Penciller: Scott McDaniel
Inker: Andy Owens
Colorist: Guy Major
Letterer: Pat Brosseau
What's it about?
Oliver Queen is a multi millionaire with a secret identity - he is also the masked vigilante Green Arrow, crimefighter of Star City. We start this story one year after a large proportion of the city was blown up. In the last year a wall has been built, effectively ghettoising the poorer parts of the city (sound familiar?); corporate fat cats are trying to turn a profit at the expense of human lives and a former criminal is the only one bothering to keep the peace in the ghetto. Oliver is not happy with these developments. But that's OK, because at the end of issue one we discover that he's now Mayor of Star City (and still moonlighting as Green Arrow).
He doesn't have any superpowers, just a bow and arrow, a liberal ideology and a desire to defend the people of his city. He's always been the outsider, criticising 'the man' and now he's taken a role in government. At heart, Ollie is an easy-going sort, but considering his home has been blown up and he's now in politics, he tends to comes across as rather grumpy. Still, he's an entertaining character, one of my favourites, and this is one of the best Green Arrow books out there.
Not only is this about one of my favourite characters, but it contains one of my favourite ever issues. The master assassin Deathstroke has been hired to kill the mayor of Star City. Deathstroke knows full well that Ollie is both mayor and Green Arrow, but as he likes a challenge that's no problem. The scenes in which he finds Ollie, fights him and is defeated are masterfully told. They are a wonderful collaboration between writer and artists and the energy fairly leaps from the book. As you keep turning the pages the emotions intensify, the action builds up and builds up until you get to the explosive last page, where you cannot help but feel a sense of triumph and justice. Alas, I cannot post many scans from these scenes as it would spoil it, but trust me, it's a thrilling read.
Moving Targets trade, the volume just before this one. She is most definitely a positive role model for young women, HIV positive or not. This picture is a wonderful portrayal of her:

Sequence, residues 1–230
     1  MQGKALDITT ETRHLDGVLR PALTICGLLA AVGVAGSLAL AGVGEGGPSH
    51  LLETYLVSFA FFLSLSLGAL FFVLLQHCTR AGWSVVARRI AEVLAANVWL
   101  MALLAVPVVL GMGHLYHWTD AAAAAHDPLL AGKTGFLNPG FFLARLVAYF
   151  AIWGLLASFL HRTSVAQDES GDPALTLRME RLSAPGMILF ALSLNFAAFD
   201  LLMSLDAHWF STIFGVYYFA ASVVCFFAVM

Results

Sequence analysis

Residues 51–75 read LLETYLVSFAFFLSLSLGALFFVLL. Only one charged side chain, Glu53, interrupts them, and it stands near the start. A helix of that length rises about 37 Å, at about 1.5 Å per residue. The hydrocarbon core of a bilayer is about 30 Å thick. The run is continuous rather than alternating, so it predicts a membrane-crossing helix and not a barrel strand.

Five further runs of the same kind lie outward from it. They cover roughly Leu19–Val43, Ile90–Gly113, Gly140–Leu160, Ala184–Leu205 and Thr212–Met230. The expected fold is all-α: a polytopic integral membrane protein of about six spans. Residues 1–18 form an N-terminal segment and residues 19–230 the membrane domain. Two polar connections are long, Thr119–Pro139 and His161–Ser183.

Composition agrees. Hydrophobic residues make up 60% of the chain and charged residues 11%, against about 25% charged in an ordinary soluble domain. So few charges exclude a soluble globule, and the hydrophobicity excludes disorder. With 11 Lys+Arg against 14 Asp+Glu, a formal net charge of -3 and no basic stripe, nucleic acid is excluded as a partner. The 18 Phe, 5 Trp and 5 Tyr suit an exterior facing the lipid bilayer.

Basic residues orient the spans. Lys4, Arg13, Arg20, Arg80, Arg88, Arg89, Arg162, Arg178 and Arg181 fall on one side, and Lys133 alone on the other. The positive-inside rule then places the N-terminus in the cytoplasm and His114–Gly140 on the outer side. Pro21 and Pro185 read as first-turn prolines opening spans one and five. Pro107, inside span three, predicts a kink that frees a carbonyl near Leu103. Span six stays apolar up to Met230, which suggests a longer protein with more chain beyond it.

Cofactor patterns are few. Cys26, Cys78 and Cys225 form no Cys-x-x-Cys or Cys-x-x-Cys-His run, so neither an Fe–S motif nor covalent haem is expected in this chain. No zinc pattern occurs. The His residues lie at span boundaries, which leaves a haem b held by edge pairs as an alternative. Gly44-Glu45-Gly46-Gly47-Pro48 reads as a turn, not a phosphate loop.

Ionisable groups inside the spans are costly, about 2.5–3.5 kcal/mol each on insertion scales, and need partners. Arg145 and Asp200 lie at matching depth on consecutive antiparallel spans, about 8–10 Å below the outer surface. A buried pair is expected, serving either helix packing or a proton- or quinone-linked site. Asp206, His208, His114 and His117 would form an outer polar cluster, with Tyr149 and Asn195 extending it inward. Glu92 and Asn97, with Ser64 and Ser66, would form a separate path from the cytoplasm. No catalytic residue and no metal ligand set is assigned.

Just look at her. She's graceful, athletic and quite clearly having the time of her life. I've read this book many times but only recently registered that this page featured Ollie. The focus is very much on Mia, as it should be.
Normally we review trades that collect the start of a series, but this one is volume 8. It's a set a year after something called the Infinite Crisis. Infinite Crisis was a big 'event' for DC comics and after it finished all DC titles jumped forward one year. This meant that the readers had no idea what had happened over the last year and had to start afresh. This sounds new reader friendly but it didn't always work out like that as the issues with the one year later tag recapped past actions, past history and past events in such a way that is could be confusing even for long term readers. However, unlike many other series, Green Arrow is actually new reader friendly. The background is explained clearly and briefly in the first few pages and from then on it's straightforward.
What's bad about it?
Judd Winick gets a lot of bad press on the comic blogosphere, partly because he doesn't always write other people's characters well. Green Arrow is not his own character, but this trade sits towards the end of a long run on the title, and by this point his Oliver Queen and associates is firmly established in character and written well. What I'm trying to say is, the usual complaints about Winick's work don't apply here, and I don't really have any criticisms to make of the book.
I think the art is a perfect match for the type of story Judd Winick tells. It's a got a retro feel to it, which fits in well with Oliver Queen's old fashioned approach to crime fighting. Green Arrow has his roots in the Silver Age, the 1950s to 1970s. He's an idealist and a hippy, without the new age beliefs. McDaniel's lines, Owen's ink and Major's colours combine to produce blocky pieces that throw you into the action. There's some interesting uses of perspective, for example:
McDaniels is good at action scenes and creative with his panels. Some pages will have the characters scrambling to get out of danger in a path that takes them off the comic book page, others will have dramatic poses to highlight the hero of the piece:
The rest of this series is collected into trades, and the reading order is as follows:
Quiver - this is written by Kevin Smith, who also did the films Clerks, Chasing Amy, Mallrats and more.
Sounds of Violence - also written by Kevin Smith
Heading Into the Light
Crawling Through the Wreckage
The Road to Jericho - This tells the story of what happened in the year between Infinite Crisis and Crawling from the Wreckage.
Amazon lists a lot of these as out of print, but they shouldn't be too hard to get hold of. Try eBay, your local comics shop or bookstore for copies.
After this, Green Arrow got another series, called Green Arrow/Black Canary, in which him and the Canary got married and continued their costumed adventuring. This was also a pretty good series and we will be reviewing the first trade from it at a later date. however if you want to find more Green Arrow books to read, the full trade reading order is located here or, you can look for the other books we've reviewed here.